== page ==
Beat Mixing

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Bringing Up The BPM For Beat Mixing

Right, so far we’ve been practising with two copies of the same track, or at least with two tracks that are at the same tempo. We’ve artificially created tempo variations by changing the pitch of one track and then matched the two up again by changing the pitch of the other track. But what happens when you start out with two tracks that are at different tempi in the first place?

knob twiddler
Creative Commons License photo credit: mugley

Well, now it’s time to pick a different track to practise with. If you can still stomach it, you can keep the same track you’ve been working on up until now, and choose another track with a different tempo to mix it with. If you’re sick to death of your original track, you can pick two completely new records and work from there. Let’s keep it simple though – don’t go for anything too crazy. Make sure both tracks have a clearly defined bass drum beat, as this will help you learn more quickly. Avoid anything that has tempo changes in the song itself, as this will only confuse the issue more; again, standard house or techno will probably be a safe bet.

For the moment, let’s assume that you have one record that’s at 120 BPM and another that’s 125 BPM (remember that BPM stands for beats per minute, and for a DJ this is how we measure the tempo of a track). If you play these two records together at their natural speeds, they will run out of sync pretty quickly. However, by using the pitch control tricks we’ve been practising already, we can change the tempo of one (or both) of these records so that they line up nicely for us.

Out for the Count

There are a variety of ways you can calculate the BPM count of a particular track. If you’re using DJ software such as Traktor, it will display the BPM count for each song automatically. If you have a computer, there are a number of utilities you can download for free that will calculate BPMs for you, such as these:

Here is an online table you can use to calculate BPM and tempo:

Although it can be useful to know what BPM a track is running at, such information is actually used more in the digital domain, where two tracks can be matched exactly simply by modifying their BPM count. The tempo of a digital file can be determined to as many decimal places as required, and beat matching can be handled entirely by the software.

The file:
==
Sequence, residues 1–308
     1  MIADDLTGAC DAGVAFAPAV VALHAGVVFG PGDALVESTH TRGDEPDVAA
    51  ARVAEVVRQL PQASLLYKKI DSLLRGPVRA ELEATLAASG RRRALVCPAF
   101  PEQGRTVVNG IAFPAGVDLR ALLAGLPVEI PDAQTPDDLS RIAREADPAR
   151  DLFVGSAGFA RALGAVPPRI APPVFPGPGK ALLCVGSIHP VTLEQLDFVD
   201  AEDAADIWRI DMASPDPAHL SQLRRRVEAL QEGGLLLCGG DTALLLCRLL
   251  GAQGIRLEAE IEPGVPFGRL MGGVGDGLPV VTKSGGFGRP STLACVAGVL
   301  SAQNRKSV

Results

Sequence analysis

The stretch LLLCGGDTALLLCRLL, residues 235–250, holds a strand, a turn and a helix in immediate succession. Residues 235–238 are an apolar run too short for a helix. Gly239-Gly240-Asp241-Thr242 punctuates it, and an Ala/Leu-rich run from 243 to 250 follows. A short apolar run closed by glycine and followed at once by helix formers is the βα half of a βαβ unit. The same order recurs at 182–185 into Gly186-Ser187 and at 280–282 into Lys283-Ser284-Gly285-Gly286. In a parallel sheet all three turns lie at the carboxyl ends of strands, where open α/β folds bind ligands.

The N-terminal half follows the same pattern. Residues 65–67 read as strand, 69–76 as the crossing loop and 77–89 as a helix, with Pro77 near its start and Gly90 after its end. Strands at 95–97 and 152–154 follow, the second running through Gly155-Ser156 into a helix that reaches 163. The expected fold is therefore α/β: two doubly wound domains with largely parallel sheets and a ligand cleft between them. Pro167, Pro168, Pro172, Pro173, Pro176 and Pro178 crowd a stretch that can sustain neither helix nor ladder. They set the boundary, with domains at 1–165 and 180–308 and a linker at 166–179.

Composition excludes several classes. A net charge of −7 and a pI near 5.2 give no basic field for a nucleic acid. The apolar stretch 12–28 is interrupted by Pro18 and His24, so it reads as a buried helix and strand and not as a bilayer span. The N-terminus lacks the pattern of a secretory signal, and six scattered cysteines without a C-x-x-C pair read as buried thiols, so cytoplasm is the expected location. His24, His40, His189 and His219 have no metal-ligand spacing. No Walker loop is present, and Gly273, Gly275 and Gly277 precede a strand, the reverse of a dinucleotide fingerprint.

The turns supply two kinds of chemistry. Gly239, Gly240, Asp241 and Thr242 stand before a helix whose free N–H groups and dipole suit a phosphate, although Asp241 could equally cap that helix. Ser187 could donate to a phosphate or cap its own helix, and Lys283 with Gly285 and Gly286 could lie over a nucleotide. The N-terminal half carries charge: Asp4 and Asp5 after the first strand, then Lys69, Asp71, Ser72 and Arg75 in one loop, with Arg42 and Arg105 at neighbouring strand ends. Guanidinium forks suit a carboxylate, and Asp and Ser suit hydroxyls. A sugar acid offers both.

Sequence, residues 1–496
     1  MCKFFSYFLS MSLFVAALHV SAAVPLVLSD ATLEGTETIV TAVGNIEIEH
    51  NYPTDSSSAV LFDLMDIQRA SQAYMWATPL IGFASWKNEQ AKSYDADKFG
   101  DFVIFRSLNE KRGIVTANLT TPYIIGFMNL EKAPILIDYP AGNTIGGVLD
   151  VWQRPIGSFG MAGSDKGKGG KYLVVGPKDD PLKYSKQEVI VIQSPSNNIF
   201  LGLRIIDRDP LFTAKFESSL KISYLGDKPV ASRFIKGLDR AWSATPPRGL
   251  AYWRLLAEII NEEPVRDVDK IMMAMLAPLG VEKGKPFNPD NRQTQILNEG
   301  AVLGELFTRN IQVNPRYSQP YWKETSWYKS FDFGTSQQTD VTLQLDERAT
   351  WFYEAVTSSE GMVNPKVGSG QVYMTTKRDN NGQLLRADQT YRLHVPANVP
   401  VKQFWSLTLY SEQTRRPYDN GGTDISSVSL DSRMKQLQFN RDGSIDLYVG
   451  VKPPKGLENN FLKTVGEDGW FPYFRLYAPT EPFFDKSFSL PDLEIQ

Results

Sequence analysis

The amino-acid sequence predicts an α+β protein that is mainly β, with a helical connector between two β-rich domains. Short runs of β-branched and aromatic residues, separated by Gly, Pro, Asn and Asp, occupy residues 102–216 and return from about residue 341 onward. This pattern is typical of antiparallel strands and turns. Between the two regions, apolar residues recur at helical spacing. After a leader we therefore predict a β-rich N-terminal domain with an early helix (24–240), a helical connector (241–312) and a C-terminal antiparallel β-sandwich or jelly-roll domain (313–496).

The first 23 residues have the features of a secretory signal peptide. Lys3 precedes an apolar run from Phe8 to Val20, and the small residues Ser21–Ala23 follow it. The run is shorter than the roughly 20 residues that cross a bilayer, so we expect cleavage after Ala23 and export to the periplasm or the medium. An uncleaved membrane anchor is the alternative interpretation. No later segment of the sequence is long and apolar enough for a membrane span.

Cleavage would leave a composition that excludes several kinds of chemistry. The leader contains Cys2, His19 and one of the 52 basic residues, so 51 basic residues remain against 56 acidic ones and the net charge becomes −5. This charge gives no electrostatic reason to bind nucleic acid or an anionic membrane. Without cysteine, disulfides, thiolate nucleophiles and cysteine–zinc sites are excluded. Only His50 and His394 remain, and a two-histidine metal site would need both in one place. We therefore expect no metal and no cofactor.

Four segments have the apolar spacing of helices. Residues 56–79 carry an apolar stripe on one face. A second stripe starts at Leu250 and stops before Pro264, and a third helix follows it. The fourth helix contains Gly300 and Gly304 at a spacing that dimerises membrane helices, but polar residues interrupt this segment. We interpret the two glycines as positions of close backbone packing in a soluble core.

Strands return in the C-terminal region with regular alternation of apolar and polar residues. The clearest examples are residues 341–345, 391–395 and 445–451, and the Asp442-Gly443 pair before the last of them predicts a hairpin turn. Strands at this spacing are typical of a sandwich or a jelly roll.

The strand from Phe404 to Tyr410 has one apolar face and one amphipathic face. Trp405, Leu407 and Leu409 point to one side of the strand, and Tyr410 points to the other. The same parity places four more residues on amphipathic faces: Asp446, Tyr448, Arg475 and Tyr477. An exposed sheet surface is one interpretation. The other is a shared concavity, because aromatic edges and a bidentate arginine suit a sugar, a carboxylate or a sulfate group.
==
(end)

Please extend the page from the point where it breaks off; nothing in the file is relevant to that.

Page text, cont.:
Play It By Ear, Not By The Numbers

For vinyl, you don’t actually need to know that a track is running at 121.43 BPM – you can just listen to it and know instinctively what needs to be done to get it running in time with another record. Well, once you have practised enough, that is…anyway, the point here is that because your pitch control is probably analog, you’ll have to use your ear and touch-familiarity with your deck to get it to the right position anyway, so knowing the exact BPM isn’t a whole lot of use in practical terms. It just gives you an idea of roughly where you should be putting the slider, but the exact position will still be up to your fingers…

One thing you should watch out for is pairing two records that have vastly different tempi – remember that your deck can probably only change pitch by 8%, so the most variation in tempo you can produce is actually 16%. In fact, to achieve this amount of change you would have to bring one record up by 8% and the other down by 8%, which is not something that you would want to do except on very special occasions!

Back On the Beat

Right, so we have a record that’s got a BPM of 120. Put that on deck one with the pitch control set to zero and let it play. Now, put your 125 BPM record (or whatever it is) on deck two and find the start beat.

Remember the process – it’s exactly the same as what you were doing before. What you want is to position the needle just before the first downbeat, so you can release it on the beat of the live record. If the two records are running at the same tempo, they will then both play along in sync.